M&C: Do you think Clay has second thoughts about staying on Bravo, giving up his shot at becoming an officer, especially now with what’s going on with Ray, or maybe even more because of what’s happening with Ray?
Max Thieriot: No, I don’t think he has second thoughts of becoming an officer. He had these really high aspirations when he became a Navy SEAL. His dad was a Navy SEAL and Clay thought, “I’m going to be committed to being a SEAL and I’m not just going to become a Navy SEAL, but I’m going to become a better Navy SEAL. I’m going to go to SEAL Team Six.” For Clay, it’s always been about proving himself and then one-upping everybody. It’s been this cocky, arrogant thing that he’s always had like, “Cool, you did that. Well, I’m going to do it better.” I think finally what’s happening is Clay is realizing, “Being a SEAL is a who I am. Why do I keep trying to push myself to be more than I am and do things that aren’t me just because I’m trying to prove myself to everybody else?”
I think that he’s finally starting to realize who he is, and his biggest fear is not letting down his teammates. I think that Clay feels 100 percent capable on the battlefield. I think it’s just at home that he doesn’t feel 100 percent capable, you know? And now what he’s struggling with is looking at relationships. He’s a product of the type of relationship between his parents. His biggest struggle at this point is he lived his life thinking, “I can’t do this.” And just when he gets this glimmer of hope from Ray that, “Oh, maybe it’s possible,” now Ray’s situation is on the rocks. And so, I think he’s looking at him like, “Well, crap, maybe I was wrong, and I just set myself up for this huge let down because it really isn’t possible.”
So, I think that his biggest struggle throughout the end of the season is figuring that out. But I think, ultimately, hopefully, Clay comes to a place where he realizes that no matter what other similarities there are between guys, similarities between relationships, or how guys fight on the battlefield, at the end of the day, each individual is their own individual person.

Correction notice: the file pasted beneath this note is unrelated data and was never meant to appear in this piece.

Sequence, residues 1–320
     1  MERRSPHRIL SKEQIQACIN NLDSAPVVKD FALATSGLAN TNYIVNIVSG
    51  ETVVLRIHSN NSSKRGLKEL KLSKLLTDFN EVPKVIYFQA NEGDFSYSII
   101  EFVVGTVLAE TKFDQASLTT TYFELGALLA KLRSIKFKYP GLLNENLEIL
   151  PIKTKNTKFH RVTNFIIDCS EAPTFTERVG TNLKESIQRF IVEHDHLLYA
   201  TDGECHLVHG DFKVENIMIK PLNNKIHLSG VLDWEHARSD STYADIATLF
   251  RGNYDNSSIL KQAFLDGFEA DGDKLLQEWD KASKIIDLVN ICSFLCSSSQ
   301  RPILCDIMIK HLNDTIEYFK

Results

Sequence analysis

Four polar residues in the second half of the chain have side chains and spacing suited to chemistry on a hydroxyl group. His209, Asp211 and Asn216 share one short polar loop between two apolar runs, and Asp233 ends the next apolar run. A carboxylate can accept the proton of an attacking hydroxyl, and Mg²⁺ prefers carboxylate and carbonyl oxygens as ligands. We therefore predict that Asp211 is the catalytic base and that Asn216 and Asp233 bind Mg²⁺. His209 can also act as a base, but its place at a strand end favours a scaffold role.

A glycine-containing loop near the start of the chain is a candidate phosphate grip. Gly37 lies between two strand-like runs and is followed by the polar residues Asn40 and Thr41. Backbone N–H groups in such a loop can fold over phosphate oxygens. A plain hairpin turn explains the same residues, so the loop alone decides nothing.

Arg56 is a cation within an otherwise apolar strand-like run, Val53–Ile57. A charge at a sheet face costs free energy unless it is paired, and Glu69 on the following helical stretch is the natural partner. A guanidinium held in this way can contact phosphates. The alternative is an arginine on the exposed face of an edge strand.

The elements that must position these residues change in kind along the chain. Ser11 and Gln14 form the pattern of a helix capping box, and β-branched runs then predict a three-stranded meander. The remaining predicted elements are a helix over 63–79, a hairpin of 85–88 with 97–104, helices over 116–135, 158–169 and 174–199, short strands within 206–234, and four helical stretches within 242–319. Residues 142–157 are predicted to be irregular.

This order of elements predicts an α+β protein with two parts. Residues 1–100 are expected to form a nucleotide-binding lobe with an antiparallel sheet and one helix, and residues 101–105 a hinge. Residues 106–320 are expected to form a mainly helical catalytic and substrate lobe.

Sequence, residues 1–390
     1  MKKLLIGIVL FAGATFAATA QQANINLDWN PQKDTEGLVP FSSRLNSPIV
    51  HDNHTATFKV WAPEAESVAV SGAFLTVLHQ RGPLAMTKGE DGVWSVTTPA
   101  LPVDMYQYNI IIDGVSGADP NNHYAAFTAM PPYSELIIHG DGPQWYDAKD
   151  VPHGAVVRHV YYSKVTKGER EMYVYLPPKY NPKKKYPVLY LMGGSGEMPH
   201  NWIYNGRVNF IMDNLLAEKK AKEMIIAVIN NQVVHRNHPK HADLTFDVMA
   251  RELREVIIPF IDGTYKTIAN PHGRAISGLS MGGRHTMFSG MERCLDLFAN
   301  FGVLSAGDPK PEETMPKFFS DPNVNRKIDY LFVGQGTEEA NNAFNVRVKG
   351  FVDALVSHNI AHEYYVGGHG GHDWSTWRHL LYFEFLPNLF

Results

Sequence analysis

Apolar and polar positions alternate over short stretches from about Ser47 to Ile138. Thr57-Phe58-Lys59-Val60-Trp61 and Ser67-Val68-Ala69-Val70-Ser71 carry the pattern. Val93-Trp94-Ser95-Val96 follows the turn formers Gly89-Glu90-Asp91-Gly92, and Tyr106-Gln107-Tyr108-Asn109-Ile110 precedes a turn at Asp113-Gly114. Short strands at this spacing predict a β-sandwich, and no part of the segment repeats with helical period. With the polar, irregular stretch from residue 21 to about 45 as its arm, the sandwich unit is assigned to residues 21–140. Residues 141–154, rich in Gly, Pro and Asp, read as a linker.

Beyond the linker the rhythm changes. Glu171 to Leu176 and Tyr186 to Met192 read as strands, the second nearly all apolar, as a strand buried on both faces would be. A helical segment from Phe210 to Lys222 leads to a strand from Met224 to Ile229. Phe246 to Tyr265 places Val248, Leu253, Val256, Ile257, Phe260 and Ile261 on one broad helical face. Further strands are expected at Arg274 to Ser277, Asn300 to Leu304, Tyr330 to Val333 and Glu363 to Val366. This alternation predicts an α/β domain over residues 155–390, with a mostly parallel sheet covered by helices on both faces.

I think that Clay ultimately has to come to the fact that he’s going to be who he’s going to be. He’s not going to be Jason Hayes in the battlefield. He’s not going to be Ray Perry at home. He’s not going to be Ash Spencer (C. Thomas Howell). He’s going to be Clay Spencer, and whatever that is, is whatever it’s going to be.
M&C: The show hasn’t been picked up for season 5 yet, so when you look at the four seasons, if you don’t get another season, what will you take away with you?
Max Thieriot: The work and life experiences. I’ve had a great time working for CBS. I’ve had a lot of fun here and certainly going from my last show [Bates Motel] of 10 episodes a year to 22, it’s no joke. It’s a grind. It’s a lot of filming, but beyond that is getting to work with the people I work with and creating another family in the work environment. One of the biggest things by far is the relationships and this community of veterans that we’ve come to work with and have become such a part of the show and are such an inspiration to all of us. And the stories that I constantly get on a regular basis from people who are serving, to people who have served, to moms of guys who were overseas, to people with kids who have watched the show that now want to become SEALs that are doing projects and raising money for different veteran charities and organizations. It’s a lot of really good stuff for the heart and the soul. That’ll be my biggest takeaway.
SEAL Team airs Wednesday nights at 9 p.m. ET/8c on CBS.